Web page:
Small, start-up and exporting businesses were among the major beneficiaries of new fiscal measures introduced in Thursday’s provincial budget.
“It’s a positive sign being sent to small and medium-sized businesses on whom payroll taxes weigh heavily and hinder growth,” said Martine Hébert, vice-president and spokesperson for the Canadian Federation of Independent Business.
Starting in 2017, Quebec will be implementing a tax cut projected at $135 million for innovative Quebec businesses to support the marketing of their products.
“This advantageous tax rate will be an incentive for innovative businesses to choose Quebec for their high value-added manufacturing and research and development activities,” the budget document stated.
The government also plans to allot as much as $8 million this year to a fund supporting the projects of female entrepreneurs.
More than $160 million will be allocated over five years to implement a provincial digital strategy, which includes enhanced tax credits for integrating information technologies in small businesses.
Economic Development Minister Dominique Anglade noted that fewer than 20 per cent of Quebec businesses are equipped for e-commerce, a number that needs to be increased.
“The use of digital technology by businesses helps increase productivity, foster innovation and create jobs. Quebec must position itself to capitalize on opportunities created by these new technologies and continuously adapt to emerging global trends,” Finance Minister Carlos Leitão said.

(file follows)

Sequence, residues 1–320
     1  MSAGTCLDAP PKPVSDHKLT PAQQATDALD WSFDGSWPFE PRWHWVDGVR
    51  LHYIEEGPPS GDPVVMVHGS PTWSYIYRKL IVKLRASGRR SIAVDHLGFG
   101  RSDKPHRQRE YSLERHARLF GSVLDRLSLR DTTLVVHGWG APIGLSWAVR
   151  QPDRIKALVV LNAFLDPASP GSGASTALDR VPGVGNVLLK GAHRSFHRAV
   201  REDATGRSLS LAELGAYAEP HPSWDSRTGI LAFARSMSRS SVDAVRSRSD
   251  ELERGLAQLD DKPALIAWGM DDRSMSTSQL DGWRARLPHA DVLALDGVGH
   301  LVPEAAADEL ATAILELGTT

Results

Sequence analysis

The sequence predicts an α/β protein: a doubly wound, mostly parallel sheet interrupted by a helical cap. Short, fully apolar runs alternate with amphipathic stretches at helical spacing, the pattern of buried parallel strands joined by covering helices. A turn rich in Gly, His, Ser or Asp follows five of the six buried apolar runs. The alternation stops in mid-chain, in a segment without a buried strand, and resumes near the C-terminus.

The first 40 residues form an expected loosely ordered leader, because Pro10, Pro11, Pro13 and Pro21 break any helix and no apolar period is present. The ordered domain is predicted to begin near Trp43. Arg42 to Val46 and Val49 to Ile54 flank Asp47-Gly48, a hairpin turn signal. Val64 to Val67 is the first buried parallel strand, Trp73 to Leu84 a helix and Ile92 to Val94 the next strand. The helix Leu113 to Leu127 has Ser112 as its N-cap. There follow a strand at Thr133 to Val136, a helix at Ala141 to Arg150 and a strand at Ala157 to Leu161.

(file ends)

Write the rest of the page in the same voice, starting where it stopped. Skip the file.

Parti Québécois finance critic Nicolas Marceau said some of the budget measures had merit, but “there’s a lot of recycling,” “no overall vision” and “no impact on economic growth, job growth or investment.”
Quebec will introduce a sizable rate cut for electricity for companies in the manufacturing and natural resource processing sectors that make qualifying investments. The savings are projected at $539 million over four years.
Investments that reduce greenhouse-gas emissions will get an additional rebate of 10 per cent of the cost.
The struggling forestry sector gets initiatives totalling $230 million to help it become more competitive.
Quebec said it will spend $620 million for “mine-site remediation” in various regions, including Abitibi-Témiscamingue and the North Shore.
Another $45 million will go to support the development of agri-food businesses, $67 million to the tourism industry, $70 million for a new aerospace strategy, $34 million to bolster competitiveness in life sciences and $34 million “to foster culture and artistic activity.”
Small businesses will see payroll taxes reduced. The contribution to the health services fund of businesses with a payroll of $1 million or less will be gradually reduced by 2021, to 1.45 per cent from 1.6 for the primary and manufacturing sectors and to 2.0 per cent from 2.7 for the service and construction sectors.
Quebec said it also will accelerate tax relief for transfers of family businesses in the primary and manufacturing sectors, originally scheduled for 2017.
The provincial tax credit for labour-sponsored fund Fondaction will be raised to 20 per cent from 15 per cent for two years, starting in 2017, with a commitment from Fondaction to invest at least $50 million over two years in projects that “positively contribute to the reduction of the impact of climate change.”